When shopping for a soundbar, it can be easy to feel overwhelmed by all the expensive options out there. Thankfully, you don't need to spend a fortune to find something that performs reasonably well. For less than $300, you can find a decent soundbar that meets your needs, whether you're watching the latest blockbusters with your friends and family or just listening to your favorite albums by yourself.
We've tested over 50 soundbars so far, and below you'll find the best budget soundbars to buy. See our recommendations for the best budget soundbars, the best soundbars under $200, and the best small soundbars.
The best soundbar under $300 that we've tested so far is the Yamaha YAS-209. Even though its current retail price is slightly over that, it's been seen at under that price point recently. This decently well-built 2.1 setup comes with a wireless subwoofer, which can deliver a lot of bass, and its Bluetooth capabilities make it easy to stream audio to the bar. An upgrade over the Yamaha YAS-207, this soundbar comes with new features such as built-in Alexa capabilities and Wi-Fi wireless playback.
With a neutral and well-balanced sound profile, this soundbar is well-suited for almost any kind of audio content. It does a good job reproducing dialogue and voices, and its dialogue enhancement feature provides extra clarity. You can control the soundbar's settings and choose from six different EQ presets through the app. The soundbar also supports 4k passthrough, so it can serve as a hub for gaming consoles and PCs. While this soundbar doesn't get as loud as other soundbars we've tested, it should still satisfy most listeners.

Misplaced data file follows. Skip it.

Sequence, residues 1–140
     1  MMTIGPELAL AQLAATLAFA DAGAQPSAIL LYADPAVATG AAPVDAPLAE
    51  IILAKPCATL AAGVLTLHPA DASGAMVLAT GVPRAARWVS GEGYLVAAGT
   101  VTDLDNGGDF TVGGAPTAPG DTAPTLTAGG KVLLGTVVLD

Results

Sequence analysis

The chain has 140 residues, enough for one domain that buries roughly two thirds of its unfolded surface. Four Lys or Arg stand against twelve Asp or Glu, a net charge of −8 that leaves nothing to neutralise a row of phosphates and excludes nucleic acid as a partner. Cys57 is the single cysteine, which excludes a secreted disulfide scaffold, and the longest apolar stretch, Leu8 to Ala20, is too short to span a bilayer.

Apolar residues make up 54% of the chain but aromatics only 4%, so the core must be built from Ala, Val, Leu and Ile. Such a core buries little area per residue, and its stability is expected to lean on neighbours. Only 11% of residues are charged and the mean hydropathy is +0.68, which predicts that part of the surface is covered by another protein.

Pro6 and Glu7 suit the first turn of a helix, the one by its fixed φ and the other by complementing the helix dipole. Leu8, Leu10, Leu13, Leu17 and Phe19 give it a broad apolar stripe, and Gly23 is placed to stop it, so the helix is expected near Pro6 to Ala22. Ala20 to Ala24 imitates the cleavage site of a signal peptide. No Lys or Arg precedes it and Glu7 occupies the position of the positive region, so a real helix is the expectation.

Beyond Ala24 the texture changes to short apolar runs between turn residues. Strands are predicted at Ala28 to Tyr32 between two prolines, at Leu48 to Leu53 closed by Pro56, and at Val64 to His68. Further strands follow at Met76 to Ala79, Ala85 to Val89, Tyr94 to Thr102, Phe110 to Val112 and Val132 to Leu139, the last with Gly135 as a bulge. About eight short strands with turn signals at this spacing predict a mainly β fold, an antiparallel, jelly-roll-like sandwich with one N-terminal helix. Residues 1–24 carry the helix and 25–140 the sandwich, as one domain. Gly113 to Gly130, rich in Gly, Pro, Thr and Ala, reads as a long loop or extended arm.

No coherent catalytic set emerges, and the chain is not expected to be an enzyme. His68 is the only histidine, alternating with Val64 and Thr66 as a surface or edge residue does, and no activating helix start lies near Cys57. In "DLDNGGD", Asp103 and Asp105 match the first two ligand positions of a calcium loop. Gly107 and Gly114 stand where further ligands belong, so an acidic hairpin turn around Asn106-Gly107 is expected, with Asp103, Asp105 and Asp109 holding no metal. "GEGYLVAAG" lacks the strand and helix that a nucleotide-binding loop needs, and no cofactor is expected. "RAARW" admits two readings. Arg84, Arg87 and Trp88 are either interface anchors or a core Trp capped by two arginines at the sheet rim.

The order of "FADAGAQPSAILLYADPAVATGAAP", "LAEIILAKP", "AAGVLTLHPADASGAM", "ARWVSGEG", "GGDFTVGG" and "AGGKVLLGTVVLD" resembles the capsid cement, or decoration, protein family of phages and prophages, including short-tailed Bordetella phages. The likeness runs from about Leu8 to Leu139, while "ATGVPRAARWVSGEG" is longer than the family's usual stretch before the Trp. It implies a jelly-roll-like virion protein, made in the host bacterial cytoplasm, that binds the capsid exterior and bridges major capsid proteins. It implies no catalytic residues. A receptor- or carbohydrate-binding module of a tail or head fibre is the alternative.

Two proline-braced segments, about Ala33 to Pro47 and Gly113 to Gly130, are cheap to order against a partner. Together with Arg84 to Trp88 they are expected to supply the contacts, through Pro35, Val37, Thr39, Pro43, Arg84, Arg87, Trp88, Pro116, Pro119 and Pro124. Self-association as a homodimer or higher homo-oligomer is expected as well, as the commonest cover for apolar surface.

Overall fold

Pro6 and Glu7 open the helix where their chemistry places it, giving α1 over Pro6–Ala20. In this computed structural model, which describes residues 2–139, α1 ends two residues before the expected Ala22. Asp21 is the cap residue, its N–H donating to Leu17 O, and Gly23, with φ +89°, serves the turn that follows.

On the downside, the bar is covered in a mesh-like fabric that could collect dust or tear over time. It also doesn't have the best surround channel performance, though its virtual surround setting may help with this. However, if you're on a budget, this pick is still a satisfactory entry-level soundbar.
If you're on a tighter budget or don't want the hassle of figuring out which cables you need, consider the TCL Alto 7+, which comes with an HDMI cable, an optical, and a 3.5mm analog audio cable. It has the same 2.1 setup as the Yamaha YAS-209 but doesn't support any virtual surround sound format. Surprisingly, the build quality is superior to the Yamaha, with a mix of metal and plastic, while the subwoofer has a wooden enclosure. The overall sound is passable, but it does lack bass, which makes it sound a lot brighter. When pushed to higher volumes, there are some compression artifacts present in the bass range.
If you want better audio reproduction, go with the Yamaha, but for a cheaper option that has everything included in the box, choose the TCL instead.
If you like to change the sound profile of your soundbar based on what you're listening to, consider the Samsung HW-T550 instead. Its bass may not be as deep as the Yamaha YAS-209, but this 2.1 setup comes with more sound enhancement features, including a 7-band EQ for customization options and a night mode feature. It also has a better build quality, with a mix of metal and plastic, though the fabric on the subwoofer can easily become dirty or damaged. The overall sound is well-balanced, and fans of bass-heavy music and movies may appreciate the bit of extra kick in the bass. It doesn't have the best surround sound performance, which might not provide the most immersive listening experience. On the other hand, this can be expected from entry-level soundbars.
If you want better performance for multi-channel content, pick the Yamaha, but if you want more customization options, choose the Samsung instead.